A Feeling of Deep Dissatisfaction

26 november 2014

Fyodor Lukyanov is Editor-in-Chief of Russia in Global Affairs, Chairman of the Presidium of the Council on Foreign and Defense Policy, and Research Director of the Valdai International Discussion Club.

Resume: The former, transitional model of relations in post-Cold War Europe no longer exists. No new model is in place either, and everyone is hoping to engineer a stopgap by giving a facelift to the situation from the latter half of the 20th century

A year ago, on November 21, 2013, the Ukrainian government announced that it was postponing the signing of an EU association agreement, scheduled for the East Partnership summit in Vilnius, Lithuania, a week later. This seemingly modest bureaucratic move brought about some truly devastating consequences.

A year later, it's impossible to say that anyone has won as a result. In truth, I don’t even want to settle the account, counting points won or lost. On the one hand, a major European state has seen its sociopolitical fabric torn apart mercilessly, and it’s anyone’s guess what all this may lead to. On the other hand, external forces are witnessing the collapse of their Ukraine-related strategies and plans. Rushing to minimize the damage lest it turn fatal would be the right thing to do for all sides, but even this is not being done.

Unwittingly, Ukraine has become a catalyst for processes that began long before the U-turn performed by the unlucky president, and for a totally different reason. If the Kiev coup and the subsequent dramatic upheavals had not happened, something else of the same sort would have. So, what is the root of the problem?

In the last quarter-century or so, none of the main participants in the European processes have achieved what they wanted. Ukraine itself is a glaring example. A big and potentially very successful European country has failed to find an effective development model, and is constantly on the lookout for someone to solve its problems for it. In all fairness, we should take into consideration the objective difficulties involved in the new state-building effort, given Ukraine’s extremely heterogeneous societal structure and grave economic imbalances. But the majority of post-Soviet countries have encountered these problems as well. Moreover, Ukraine, unlike many others, is endowed with a lot of potential, something that only accentuates the scale of its failure.

Russia cannot boast that the dreams that warmed the hearts of the champions of change in the 1980s and the 1990s have come true either. An objective and unbiased analysis of the past two decades is still ahead.

For now, we cannot calmly take stock of our recent history because there are so many emotions and ideological struggles standing in the way. But one thing is certain: no future-oriented integral development model has taken shape. Russia is stuck between two states of being on its elaborate and chaotic trajectory. It has failed to become an equal part of the world economy, deriving the full amount of dividends from globalization. But it has become integrated deeply enough to feel all the shocks on the world market. At some moment this in-between status came to be perceived as oppressive by both integrationists and supporters of more isolated development. But there has been no movement either way, for a number of internal and external reasons.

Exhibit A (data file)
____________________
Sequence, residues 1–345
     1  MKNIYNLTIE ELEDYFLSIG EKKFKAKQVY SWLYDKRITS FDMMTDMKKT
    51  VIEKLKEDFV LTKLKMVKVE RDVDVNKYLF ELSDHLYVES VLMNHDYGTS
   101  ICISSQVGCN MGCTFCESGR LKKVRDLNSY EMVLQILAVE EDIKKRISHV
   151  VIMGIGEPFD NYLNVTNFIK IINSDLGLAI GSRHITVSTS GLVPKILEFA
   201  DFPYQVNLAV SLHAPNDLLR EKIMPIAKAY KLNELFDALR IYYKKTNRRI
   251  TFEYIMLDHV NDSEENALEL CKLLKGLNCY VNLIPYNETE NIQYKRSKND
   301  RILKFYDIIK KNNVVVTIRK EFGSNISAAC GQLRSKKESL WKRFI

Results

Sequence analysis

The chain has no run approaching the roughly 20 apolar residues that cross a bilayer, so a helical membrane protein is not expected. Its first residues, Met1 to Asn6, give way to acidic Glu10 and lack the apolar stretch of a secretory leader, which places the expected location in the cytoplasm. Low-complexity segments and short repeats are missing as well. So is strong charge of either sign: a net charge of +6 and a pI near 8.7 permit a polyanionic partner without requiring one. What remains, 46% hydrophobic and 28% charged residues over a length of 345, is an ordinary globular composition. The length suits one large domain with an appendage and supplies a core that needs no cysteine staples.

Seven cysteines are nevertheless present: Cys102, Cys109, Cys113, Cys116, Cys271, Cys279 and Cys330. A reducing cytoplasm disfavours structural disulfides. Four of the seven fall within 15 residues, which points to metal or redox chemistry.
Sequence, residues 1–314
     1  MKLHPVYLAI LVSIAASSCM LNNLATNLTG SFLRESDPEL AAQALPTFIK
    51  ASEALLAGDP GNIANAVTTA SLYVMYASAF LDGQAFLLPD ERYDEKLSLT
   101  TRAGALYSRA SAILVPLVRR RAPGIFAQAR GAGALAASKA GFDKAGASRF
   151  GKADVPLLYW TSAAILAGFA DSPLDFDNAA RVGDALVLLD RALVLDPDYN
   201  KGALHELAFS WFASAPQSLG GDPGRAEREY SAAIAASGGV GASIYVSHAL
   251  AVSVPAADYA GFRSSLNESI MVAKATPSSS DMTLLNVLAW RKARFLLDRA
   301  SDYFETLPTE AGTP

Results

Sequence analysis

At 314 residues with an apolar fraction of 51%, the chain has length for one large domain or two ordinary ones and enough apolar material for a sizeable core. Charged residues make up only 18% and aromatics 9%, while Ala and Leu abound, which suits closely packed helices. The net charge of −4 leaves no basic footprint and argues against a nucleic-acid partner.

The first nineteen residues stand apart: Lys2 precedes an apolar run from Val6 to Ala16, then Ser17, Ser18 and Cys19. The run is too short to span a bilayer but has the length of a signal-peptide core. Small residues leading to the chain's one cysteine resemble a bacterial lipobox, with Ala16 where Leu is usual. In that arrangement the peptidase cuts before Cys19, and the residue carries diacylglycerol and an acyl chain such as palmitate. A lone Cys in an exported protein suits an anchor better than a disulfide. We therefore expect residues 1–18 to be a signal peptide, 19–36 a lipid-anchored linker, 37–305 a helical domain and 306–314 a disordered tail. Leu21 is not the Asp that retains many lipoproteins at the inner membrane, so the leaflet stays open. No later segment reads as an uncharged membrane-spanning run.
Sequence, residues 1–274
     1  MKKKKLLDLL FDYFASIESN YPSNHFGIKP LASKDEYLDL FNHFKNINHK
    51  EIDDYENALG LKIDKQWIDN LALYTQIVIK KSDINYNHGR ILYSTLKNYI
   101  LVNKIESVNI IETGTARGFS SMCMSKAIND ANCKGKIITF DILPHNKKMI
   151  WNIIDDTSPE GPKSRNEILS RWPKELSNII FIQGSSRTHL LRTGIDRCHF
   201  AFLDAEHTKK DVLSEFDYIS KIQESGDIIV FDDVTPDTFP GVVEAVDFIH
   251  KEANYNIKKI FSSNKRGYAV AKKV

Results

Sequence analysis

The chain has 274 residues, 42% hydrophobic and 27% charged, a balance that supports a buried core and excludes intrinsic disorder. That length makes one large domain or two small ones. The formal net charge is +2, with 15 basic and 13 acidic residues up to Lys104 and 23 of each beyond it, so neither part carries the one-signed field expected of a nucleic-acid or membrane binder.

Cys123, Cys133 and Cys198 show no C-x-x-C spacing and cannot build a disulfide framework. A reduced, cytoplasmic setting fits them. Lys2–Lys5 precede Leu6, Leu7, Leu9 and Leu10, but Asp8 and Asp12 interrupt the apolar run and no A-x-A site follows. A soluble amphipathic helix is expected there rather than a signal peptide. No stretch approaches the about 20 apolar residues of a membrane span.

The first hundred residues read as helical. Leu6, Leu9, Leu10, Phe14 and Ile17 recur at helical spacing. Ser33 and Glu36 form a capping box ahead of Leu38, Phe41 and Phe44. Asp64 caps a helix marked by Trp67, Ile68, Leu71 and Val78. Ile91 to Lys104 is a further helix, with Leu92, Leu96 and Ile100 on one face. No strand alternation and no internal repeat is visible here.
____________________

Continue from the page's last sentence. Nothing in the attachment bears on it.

The Ukrainian crisis disrupted the trend and created a totally new situation that can develop in different directions. Today, as never before, our future is in our own hands. External sources of growth are either exhausted or have been cut off by sanctions. Russia needs an economic breakthrough strategy based on domestic initiative and human capital. No incentives are to be expected from elsewhere.

The West has approached the Ukrainian crisis in a state of confusion. Both Europe and the US are still being carried by the momentum of their victory in the Cold War. But their ability to effectively implement a program of expansion has been drying up rapidly. The West’s further ideological and military-political leadership is in question because of mounting serious problems, including economic setbacks, growing Russian resistance and disasters in the Middle East.

Ukraine long stood on the periphery of serious strategy. The West’s Ukraine policy was more inertia-driven and involved an automatic eastern expansion of integration institutions that was not backed by a clear understanding of end-goals. The important players in the West were not under any delusion regarding the quality of the Ukrainian political establishment or its ability to govern. So, no one was going to put a serious stake on Kiev. However, this didn’t prevent them from doing preparatory work just in case something will change in the future.

Brought about by internal antagonisms, the grave political crisis in Ukraine has rapidly escalated into a standoff between Russia and the West, both eager to show “who is in charge.” The events in Crimea tested the West’s relevance, forcing it to take a stand. But the aforementioned quality of the Ukrainian political reality has not changed, and thus the West is confronted with the need to resolutely support the country and forces, the prospects of which could not be trusted.

The former, transitional model of relations in post-Cold War Europe no longer exists. No new model is in place either, and everyone is hoping to engineer a stopgap by giving a facelift to the situation from the latter half of the 20th century. This is certain to lead us to a new impasse, because the world has changed beyond recognition. But an attempt of this sort seems inevitable. Hopefully it will be the last of its kind.

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